Helping others is key for veteran in doctoral program

June 04, 2021 / by / 0 Comment
REVIEW OVERVIEW
0
0

Russell Kuhn is working toward his Ph.D. in Psychology with an Emphasis in Performance Psychology.

Fourth in a series highlighting learners in the College of Doctoral Studies. 

By Ashlee Larrison
GCU News Bureau

Russell “Russ” Kuhn has made a career out of helping people.

Before he began working on a Ph.D. in Psychology with an Emphasis in Performance Psychology from the College of Doctoral Studies in 2020, he had built a diverse resumé.

When he was only 17, Kuhn began what would become a 30-year career as a member of the United States Navy. He later earned his bachelor’s degree in Marketing in 1991 and a master’s in Management and Leadership in 2014.

In addition to his service to the country, he also was a lobbyist, worked in sales and served as a Child Protective Services caseworker and a Court Appointed Special Advocate (CASA) acting as an advocate for abused and neglected children.

Kuhn also dabbled as an entrepreneur and started his own company before giving it up to move back home to Oregon to help his mother take care of his father before he died of Alzheimer’s.

Now, Kuhn has set his sights on helping a new demographic as a university development counselor at Grand Canyon University.

With such a service-driven career, it would only make sense that helping others would play a key role in shaping Kuhn’s research and dissertation.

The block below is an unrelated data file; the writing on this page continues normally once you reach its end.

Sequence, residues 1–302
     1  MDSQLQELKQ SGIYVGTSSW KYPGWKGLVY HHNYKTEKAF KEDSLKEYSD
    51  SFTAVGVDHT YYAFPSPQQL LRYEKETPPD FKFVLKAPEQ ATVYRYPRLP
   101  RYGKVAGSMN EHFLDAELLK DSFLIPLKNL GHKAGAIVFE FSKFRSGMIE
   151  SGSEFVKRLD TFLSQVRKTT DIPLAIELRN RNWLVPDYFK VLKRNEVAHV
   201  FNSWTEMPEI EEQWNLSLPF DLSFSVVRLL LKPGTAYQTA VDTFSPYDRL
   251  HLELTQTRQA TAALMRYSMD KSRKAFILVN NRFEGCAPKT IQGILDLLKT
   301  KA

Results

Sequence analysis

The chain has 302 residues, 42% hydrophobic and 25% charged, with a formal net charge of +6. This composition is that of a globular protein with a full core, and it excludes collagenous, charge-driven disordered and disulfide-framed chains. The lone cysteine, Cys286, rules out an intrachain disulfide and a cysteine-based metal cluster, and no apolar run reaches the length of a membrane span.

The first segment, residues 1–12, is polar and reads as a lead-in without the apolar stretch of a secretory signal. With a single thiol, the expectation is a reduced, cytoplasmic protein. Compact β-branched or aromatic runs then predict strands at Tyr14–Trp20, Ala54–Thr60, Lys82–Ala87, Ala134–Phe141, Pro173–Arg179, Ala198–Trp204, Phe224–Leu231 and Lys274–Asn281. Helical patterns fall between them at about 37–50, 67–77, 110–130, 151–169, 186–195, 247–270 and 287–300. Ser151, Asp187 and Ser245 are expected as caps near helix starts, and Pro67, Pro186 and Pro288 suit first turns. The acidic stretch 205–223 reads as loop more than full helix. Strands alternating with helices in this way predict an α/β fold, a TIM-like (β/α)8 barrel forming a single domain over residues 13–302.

“I’m hoping my dissertation itself will help universities significantly improve doctoral graduation rates,” said Kuhn, who finished his first doctoral residency last month. “My goal is to be able to use what I learn to help people around me in everything I do.”

Kuhn is researching the impact that positive relationships with academic faculty have on the graduation rates within both synchronous (50% graduation rate) and asynchronous (30% graduation rate) doctoral programs. He hopes his research will help bridge that gap.

“One of the things we have found that significantly impacts doctoral graduation rates is substantive meaningful supportive relationships with academic faculty,” he said. “When you’re on campus, you have that.”

His own experiences in the doctoral program have been instructive. The connections he built early in the program have helped guide him.

“You are not alone, so don’t try to do it alone,” he said. “That also goes for people thinking about it. If you’re thinking about it, reach out to people that have got a Ph.D., or if you can’t, reach out to people like myself who are in the program.”

His favorite part of the doctoral program has been the opportunity to participate in the development of new knowledge.

“You go through this identity change,” he said. “You go from somebody who is a consumer of knowledge to somebody who creates it.”

What does Kuhn like to do when he takes time away from his busy schedule? It shouldn’t be a surprise, given his Navy service.

He enjoys boating.

Contact Ashlee Larrison at (602) 639-8488 or [email protected].

****

Related content:

GCU Today: Education never gets old for 75-year-old learner

GCU Today: An attorney, a single mom … and now a doctorate

GCU Today: She’s fashioning an inspiring example for her family

GCU Today: Doctoral learners make grand return to campus

GCU Today: Residency friendship turns into business partnership


About the Author
Leave a Comment